Based on results from the CARTITUDE-1 trial, the FDA in February 2022 approved ciltacabtagene autoleucel (cilta-cel) for the treatment of adult patients with RRMM who had received at least four lines of therapy, including a PI, an IMiD, and an anti-CD38 mAb. Final results from CARTITUDE-1 were presented at this year’s ASCO. A total of 97 patients received cilta-cel over a median follow-up of 33.4 months (range, 1.5–45.2). Median DOR was 33.9 months; median PFS was 34.9 months, with an estimated 47.5% of patients maintaining response at 36 months. According to the researchers, the typical median OS in the heavily pretreated RRMM setting is only about 12 months, highlighting a substantial improvement with cilta-cel in this trial. Out of 49 patients evaluable for MRD, 26 remained MRD-negative for 12 months or more. Of those patients, 20 sustained an MRD-negative CR or better. In addition, 18 patients were MRD negative with a CR or better 24 months after infusion. Safety of cilta-cel was as expected. Overall, six new cases of second primary malignancy were reported, including two cases of basal cell carcinoma and one case each of myelodysplastic syndrome, B-cell lymphoma, melanoma, and prostate cancer. According to the researchers, the median PFS with a single infusion of cilta-cel is longer than that observed with any previously reported therapy in this setting. The ongoing CARTINUE study will follow the course of these patients over a 15-year period.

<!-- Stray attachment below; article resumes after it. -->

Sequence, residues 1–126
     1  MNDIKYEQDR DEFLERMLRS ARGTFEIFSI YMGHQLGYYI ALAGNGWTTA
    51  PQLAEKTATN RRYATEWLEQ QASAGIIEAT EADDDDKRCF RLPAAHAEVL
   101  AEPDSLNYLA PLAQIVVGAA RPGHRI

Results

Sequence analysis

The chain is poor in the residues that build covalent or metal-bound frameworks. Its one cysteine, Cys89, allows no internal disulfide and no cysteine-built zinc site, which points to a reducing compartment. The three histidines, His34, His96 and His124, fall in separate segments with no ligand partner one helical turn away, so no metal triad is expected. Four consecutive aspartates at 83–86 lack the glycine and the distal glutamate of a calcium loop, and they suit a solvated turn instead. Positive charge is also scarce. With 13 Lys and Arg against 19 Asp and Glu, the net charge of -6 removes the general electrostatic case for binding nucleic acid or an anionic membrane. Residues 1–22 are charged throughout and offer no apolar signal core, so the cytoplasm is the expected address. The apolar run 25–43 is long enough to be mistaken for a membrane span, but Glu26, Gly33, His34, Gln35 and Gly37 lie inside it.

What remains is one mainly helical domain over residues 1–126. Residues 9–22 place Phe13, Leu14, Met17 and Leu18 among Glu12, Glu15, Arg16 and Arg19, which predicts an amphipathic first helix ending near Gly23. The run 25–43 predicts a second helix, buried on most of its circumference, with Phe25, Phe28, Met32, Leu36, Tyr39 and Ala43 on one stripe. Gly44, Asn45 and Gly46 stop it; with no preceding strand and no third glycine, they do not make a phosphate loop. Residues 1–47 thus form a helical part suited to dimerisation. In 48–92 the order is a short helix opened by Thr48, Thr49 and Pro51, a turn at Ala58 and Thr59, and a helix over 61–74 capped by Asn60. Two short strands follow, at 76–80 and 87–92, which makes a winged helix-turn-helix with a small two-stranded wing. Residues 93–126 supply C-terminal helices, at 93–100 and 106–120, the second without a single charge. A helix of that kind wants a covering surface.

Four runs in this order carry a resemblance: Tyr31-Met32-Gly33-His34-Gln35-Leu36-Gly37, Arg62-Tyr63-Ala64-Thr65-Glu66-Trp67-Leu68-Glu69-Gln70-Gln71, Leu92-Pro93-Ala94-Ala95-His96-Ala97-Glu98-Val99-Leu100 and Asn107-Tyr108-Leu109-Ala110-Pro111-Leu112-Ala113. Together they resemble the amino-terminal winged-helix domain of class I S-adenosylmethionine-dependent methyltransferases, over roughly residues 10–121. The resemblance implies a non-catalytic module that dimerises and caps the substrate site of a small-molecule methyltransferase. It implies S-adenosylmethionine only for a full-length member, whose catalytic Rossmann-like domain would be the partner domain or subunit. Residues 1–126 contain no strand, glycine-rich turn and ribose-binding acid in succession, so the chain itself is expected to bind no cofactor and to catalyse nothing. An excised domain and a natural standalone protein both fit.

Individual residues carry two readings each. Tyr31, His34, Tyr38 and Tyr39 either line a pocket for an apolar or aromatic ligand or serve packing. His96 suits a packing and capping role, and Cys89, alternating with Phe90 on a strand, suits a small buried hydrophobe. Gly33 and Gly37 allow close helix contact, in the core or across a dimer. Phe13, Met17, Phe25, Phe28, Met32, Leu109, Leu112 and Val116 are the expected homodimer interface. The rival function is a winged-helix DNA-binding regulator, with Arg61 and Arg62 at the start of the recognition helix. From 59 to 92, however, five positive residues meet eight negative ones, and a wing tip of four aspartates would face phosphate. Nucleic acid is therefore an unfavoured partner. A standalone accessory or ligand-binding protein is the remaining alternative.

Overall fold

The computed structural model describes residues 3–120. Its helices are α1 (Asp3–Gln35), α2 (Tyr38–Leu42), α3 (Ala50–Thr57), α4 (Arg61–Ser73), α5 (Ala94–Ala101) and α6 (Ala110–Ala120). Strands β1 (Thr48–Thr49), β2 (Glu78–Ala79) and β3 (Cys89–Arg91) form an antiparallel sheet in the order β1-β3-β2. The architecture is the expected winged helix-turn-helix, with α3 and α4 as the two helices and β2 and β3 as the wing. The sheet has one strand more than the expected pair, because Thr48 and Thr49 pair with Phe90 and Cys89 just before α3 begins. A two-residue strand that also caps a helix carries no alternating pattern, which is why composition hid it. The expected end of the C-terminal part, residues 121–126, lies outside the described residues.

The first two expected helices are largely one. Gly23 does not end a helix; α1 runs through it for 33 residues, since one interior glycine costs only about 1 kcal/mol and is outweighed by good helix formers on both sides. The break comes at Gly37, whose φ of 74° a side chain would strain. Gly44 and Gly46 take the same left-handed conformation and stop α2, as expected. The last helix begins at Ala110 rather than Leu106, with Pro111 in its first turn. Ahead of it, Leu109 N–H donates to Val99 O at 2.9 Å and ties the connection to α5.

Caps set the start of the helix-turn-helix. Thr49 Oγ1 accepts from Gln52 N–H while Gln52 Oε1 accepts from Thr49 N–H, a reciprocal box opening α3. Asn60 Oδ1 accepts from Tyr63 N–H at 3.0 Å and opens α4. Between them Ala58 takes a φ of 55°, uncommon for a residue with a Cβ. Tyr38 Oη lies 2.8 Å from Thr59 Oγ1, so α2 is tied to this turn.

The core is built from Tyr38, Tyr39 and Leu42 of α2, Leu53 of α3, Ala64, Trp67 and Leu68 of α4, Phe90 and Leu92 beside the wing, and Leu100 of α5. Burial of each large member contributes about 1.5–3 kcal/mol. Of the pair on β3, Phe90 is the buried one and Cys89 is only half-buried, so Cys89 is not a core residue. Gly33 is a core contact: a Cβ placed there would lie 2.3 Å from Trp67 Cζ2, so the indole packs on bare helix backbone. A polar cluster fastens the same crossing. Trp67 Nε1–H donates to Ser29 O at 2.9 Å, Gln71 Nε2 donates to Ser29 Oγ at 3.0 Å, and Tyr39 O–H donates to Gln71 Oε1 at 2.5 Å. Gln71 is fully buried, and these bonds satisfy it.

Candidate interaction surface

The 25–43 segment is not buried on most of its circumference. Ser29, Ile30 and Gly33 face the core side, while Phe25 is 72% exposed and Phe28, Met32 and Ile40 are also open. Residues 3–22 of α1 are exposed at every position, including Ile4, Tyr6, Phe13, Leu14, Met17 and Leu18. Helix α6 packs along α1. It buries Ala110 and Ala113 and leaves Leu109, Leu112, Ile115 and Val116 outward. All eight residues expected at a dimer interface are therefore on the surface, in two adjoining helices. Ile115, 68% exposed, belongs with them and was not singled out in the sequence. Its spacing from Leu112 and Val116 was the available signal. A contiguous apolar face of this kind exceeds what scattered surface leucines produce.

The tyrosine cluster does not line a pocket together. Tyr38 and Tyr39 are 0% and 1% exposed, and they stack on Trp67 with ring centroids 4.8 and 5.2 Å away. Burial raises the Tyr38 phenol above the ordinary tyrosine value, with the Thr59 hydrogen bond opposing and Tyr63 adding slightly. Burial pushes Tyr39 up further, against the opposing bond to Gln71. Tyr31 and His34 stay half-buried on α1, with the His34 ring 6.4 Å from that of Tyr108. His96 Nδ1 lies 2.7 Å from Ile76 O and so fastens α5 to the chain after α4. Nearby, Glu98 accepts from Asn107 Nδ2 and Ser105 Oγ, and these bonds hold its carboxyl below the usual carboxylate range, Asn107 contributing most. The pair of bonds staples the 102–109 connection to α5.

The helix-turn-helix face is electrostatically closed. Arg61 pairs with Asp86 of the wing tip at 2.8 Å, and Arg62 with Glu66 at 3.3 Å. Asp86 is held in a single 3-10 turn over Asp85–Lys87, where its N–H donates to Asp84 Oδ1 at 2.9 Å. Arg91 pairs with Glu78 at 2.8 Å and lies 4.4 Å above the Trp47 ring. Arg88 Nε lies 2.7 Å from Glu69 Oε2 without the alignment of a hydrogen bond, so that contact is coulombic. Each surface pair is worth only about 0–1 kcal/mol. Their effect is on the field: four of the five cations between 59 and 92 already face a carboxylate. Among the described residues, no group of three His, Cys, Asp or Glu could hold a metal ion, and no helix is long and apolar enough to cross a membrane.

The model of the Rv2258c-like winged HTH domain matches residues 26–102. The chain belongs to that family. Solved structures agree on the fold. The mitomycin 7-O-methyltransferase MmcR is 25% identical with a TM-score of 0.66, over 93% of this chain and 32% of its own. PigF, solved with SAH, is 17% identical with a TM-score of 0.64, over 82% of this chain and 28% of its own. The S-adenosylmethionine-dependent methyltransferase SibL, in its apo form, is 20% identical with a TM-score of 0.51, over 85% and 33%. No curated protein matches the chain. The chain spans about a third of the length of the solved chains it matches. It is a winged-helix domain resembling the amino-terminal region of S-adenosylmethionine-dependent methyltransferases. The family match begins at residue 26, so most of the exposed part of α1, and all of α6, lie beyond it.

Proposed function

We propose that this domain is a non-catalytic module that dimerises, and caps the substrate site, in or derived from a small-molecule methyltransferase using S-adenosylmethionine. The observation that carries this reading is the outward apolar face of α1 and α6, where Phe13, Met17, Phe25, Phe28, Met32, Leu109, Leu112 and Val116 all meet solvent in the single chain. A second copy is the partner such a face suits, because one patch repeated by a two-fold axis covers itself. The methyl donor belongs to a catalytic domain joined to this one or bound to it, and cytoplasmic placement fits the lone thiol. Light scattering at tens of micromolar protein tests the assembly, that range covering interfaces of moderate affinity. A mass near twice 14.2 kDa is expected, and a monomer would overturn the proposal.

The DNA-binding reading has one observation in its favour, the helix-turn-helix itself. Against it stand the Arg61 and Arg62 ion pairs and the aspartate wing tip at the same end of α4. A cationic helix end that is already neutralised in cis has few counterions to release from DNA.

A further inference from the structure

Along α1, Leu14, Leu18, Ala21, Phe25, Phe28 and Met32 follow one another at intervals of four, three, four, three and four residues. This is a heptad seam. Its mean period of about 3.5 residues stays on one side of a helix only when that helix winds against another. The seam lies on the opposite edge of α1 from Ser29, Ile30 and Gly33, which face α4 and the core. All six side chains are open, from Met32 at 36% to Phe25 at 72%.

A retrospective study of data also indicated favorable outcomes for cilta-cel as standard-of-care (SOC) therapy in patients with RRMM. Overall, 177 patients from 12 US academic medical centers were leukapheresed and 139 received cilta-cel. Many patients (55%) in this analysis would have been considered ineligible to enroll in CARTITUDE-1. Of the patients, 83% received bridging chemotherapy, with an ORR of 28%. CRS (grade ≥3: 7%) developed in 81% and ICANS (grade ≥3: 8%) developed in 22% of patients. Infections were seen in 32% of patients. Best response rates, recorded in 118 patients, were partial response (PR) or better (80%); VGPR or better (62%); and CR or better (40%). The authors concluded that intended SOC with cilta-cel has a favorable ORR despite the fact that a larger proportion of patients in this analysis had high-risk features relative to CARTITUDE-1 trial patients; for example, more patients in the current study had EMD (35%) compared with the CARTITUDE-1 study (~14%).